Abstract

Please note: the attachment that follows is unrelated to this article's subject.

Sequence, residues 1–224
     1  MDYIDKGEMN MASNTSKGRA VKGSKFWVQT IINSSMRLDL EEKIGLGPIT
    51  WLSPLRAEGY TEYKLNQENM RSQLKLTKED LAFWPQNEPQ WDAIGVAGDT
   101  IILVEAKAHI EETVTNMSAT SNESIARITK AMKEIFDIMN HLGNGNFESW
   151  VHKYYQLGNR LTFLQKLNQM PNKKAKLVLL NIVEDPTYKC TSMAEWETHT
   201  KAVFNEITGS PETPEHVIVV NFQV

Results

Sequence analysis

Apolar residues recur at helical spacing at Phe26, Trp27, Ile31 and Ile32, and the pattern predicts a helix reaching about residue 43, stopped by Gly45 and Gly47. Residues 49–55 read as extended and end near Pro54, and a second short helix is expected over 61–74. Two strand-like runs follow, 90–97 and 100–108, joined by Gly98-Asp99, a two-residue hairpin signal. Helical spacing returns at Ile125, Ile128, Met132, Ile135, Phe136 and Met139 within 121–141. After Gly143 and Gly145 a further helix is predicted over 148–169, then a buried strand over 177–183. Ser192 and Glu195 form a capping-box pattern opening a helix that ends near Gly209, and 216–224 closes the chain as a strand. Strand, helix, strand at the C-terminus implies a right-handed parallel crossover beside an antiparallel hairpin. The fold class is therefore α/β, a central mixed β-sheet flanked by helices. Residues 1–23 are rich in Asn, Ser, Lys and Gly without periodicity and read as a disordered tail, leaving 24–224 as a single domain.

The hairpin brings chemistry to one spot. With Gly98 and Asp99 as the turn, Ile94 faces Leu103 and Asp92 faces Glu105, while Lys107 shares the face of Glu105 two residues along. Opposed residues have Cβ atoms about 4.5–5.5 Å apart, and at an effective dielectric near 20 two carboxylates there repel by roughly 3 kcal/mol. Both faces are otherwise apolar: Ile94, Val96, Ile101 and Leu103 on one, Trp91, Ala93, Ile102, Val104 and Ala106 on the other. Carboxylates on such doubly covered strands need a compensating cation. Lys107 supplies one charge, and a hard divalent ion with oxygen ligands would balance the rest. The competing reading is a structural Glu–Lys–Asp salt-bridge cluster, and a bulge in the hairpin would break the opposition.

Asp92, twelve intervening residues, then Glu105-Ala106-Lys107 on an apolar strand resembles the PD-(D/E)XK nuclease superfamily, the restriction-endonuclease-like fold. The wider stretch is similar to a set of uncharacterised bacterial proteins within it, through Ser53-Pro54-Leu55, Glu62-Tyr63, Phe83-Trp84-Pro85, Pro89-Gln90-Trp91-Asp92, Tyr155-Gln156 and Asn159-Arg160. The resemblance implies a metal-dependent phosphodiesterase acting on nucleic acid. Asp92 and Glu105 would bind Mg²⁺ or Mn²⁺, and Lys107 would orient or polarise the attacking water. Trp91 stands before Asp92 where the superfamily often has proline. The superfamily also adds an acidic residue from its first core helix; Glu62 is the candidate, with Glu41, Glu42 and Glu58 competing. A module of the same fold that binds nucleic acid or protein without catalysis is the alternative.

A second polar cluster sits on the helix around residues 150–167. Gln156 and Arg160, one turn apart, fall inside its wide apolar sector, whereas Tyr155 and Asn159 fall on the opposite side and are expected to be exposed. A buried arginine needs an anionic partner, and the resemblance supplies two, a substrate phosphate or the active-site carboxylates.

Oil and gas generation is a basic problem of geology and natural sciences, which is associated with energy resources as well as with the origination of life on the Earth. The evolution of hydrocarbons is controlled by the evolution of the biosphere and is an issue of phylogeny. Organic matter (OM) buried in sediments since the Early Precambrian consists mostly of phytoplankton, the main carrier of lipids producing hydrocarbons. Organic matter accumulates in marine sediments according to the law of periodicity. Middle Paleozoic fossilized OM is largely composed of zooplankton. Zooplanktonic OM, classified as sapropelites, had interfered with the process of oil and gas generation since its origin, e.g., tentaculites of the Domanik formation increased oil content. The inception of low-lipid macrophytes gave rise to introduction of humic OM into water bodies and formation of mixed-type OM. The larger the humic component in OM, the higher its gas potential. However, instead of replacing oil generation, enhanced gas generation had come on the scene since the Mesozoic, and their scales were approximately equal. The actual oil/gas ratio in sedimentary basins depends both on phylogenetic factors and on the evolution of each separate basin.

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